• The Old New Thing

    If a process crashes while holding a mutex, why is its ownership magically transferred to another process?

    • 29 Comments

    A customer was observing strange mutex ownership behavior. They had two processes that used a mutex to coordinate access to some shared resource. When the first process crashed while owning the mutex, they found that the second process somehow magically gained ownership of that mutex. Specifically, when the first process crashed, the second process could take the mutex, but when it released the mutex, the mutex was still not released. They discovered that in order to release the mutex, the second process had to call Release­Mutex twice. It's as if the claim on the mutex from the crashed process was secretly transferred to the second process.

    My psychic powers told me that that's not what was happening. I guessed that their code went something like this:

    // code in italics is wrong
    bool TryToTakeTheMutex()
    {
     return WaitForSingleObject(TheMutex, TimeOut) == WAIT_OBJECT_0;
    }
    

    The code failed to understand the consequences of WAIT_ABANDONED.

    In the case where the mutex was held by the first process when it crashed, the second process will attempt to claim the mutex, and it will succeed, and the return code from Wait­For­Single­Object will be WAIT_ABANDONED. Their code treated that value as a failure code rather than a modified success code.

    The second program therefore claimed the mutex without realizing it. That is what led the customer to believe that ownership was being magically transferred to the second program. It wasn't magic. The second program misinterpreted the return code.

    The second program saw that Try­To­Take­The­Mutex "failed", and it went off and did something else for a while. Then the next time it called Try­To­Take­The­Mutex, the function succeeded: It was a successful recursive acquisition, but the program thought it was the initial acquisition.

    The customer didn't reply back, so we never found out whether that was the actual problem, but I suspect it was.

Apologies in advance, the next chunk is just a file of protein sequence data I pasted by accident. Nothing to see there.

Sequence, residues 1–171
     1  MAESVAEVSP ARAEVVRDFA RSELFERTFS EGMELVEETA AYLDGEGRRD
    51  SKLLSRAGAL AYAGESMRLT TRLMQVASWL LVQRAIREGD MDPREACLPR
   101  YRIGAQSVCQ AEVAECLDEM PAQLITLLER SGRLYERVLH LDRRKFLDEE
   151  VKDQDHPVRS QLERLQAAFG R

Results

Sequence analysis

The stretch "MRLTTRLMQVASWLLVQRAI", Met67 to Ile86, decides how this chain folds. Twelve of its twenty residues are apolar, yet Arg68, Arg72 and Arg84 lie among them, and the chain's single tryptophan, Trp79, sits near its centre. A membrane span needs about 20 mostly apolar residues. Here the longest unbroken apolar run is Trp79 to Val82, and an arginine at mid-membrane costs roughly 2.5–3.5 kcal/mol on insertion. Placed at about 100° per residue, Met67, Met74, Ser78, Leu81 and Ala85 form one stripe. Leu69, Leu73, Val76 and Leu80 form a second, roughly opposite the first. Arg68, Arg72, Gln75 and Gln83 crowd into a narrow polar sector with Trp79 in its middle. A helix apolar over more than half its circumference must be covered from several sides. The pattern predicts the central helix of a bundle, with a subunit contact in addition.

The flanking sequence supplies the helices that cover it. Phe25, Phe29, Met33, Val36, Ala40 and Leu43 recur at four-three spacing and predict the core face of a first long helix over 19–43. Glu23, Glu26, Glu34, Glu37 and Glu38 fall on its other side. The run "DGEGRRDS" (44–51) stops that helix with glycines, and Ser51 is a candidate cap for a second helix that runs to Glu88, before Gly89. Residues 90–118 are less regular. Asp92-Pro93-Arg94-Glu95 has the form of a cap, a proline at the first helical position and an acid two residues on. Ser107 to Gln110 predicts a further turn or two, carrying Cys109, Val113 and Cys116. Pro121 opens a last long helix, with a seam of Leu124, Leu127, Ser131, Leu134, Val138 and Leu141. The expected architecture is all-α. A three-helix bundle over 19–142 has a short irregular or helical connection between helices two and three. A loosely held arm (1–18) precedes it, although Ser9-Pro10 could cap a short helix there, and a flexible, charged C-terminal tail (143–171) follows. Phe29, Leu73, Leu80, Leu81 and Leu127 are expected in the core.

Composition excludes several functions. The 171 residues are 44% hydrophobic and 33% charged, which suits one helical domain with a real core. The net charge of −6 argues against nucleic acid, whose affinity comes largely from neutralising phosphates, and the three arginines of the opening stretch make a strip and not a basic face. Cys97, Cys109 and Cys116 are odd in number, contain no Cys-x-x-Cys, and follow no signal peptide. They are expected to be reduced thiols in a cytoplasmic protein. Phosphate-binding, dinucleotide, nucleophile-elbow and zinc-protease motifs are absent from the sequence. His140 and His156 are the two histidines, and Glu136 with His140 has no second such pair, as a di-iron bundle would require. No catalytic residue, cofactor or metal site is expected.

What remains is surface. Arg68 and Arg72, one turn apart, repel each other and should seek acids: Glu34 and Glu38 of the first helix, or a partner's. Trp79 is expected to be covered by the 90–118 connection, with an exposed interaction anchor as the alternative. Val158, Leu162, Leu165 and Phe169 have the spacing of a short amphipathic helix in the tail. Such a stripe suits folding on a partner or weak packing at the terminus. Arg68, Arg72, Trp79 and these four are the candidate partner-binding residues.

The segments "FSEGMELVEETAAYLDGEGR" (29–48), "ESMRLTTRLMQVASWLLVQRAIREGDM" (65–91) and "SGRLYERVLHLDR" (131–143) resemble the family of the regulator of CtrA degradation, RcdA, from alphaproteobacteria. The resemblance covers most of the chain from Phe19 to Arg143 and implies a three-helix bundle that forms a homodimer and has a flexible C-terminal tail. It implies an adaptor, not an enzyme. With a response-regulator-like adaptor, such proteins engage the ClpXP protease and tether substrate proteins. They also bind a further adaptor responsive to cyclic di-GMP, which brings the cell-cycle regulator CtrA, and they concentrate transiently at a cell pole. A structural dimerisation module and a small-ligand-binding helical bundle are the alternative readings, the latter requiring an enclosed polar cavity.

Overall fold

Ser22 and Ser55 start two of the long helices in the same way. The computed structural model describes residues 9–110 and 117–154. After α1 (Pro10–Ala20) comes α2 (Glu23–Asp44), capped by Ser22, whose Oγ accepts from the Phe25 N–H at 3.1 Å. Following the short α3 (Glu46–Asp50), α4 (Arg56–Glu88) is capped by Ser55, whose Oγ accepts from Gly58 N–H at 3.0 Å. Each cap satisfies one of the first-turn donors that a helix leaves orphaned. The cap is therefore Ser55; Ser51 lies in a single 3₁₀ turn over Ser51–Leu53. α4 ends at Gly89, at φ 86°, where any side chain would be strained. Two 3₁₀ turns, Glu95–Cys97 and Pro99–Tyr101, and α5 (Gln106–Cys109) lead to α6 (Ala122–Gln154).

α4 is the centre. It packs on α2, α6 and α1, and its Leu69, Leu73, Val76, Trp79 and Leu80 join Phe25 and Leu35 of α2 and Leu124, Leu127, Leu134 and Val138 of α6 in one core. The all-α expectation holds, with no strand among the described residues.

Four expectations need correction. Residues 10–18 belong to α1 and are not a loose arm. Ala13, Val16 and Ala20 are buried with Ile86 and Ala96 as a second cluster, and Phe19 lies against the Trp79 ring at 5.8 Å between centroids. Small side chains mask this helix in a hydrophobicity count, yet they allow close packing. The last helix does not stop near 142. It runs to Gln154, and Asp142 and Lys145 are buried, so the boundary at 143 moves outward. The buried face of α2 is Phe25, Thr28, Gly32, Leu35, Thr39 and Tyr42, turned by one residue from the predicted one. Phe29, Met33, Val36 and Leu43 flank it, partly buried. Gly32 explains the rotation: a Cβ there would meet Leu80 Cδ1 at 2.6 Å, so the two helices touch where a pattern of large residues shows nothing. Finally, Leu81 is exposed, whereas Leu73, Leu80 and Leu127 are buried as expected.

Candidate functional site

• The Old New Thing

    What is the story of the mysterious DS_RECURSE dialog style?

    • 12 Comments

    There are a few references to the DS_RECURSE dialog style scattered throughout MSDN, and they are all of the form "Don't use it." But if you look in your copy of winuser.h, there is no sign of DS_RECURSE anywhere. This obviously makes it trivial to avoid using it because you couldn't use it even if you wanted it, seeing as it doesn't exist.

    "Do not push the red button on the control panel!"

    There is no red button on the control panel.

    "Well, that makes it easy not to push it."

    As with many of these types of stories, the answer is rather mundane.

    When nested dialogs were added to Windows 95, the flag to indicate that a dialog is a control host was DS_RECURSE. The name was intended to indicate that anybody who is walking a dialog looking for controls should recurse into this window, since it has more controls inside.

    The window manager folks later decided to change the name, and they changed it to DS_CONTROL. All documentation that was written before the renaming had to be revised to change all occurrences of DS_RECURSE to DS_CONTROL.

    It looks like they didn't quite catch them all: There are two straggling references in the Windows Embedded documentation. My guess is that the Windows Embedded team took a snapshot of the main Windows documentation, and they took their snapshot before the renaming was complete.

    Unfortunately, I don't have any contacts in the Windows Embedded documentation team, so I don't know whom to contact to get them to remove the references to flags that don't exist.

Page 2 of 434 (4,332 items) 12345»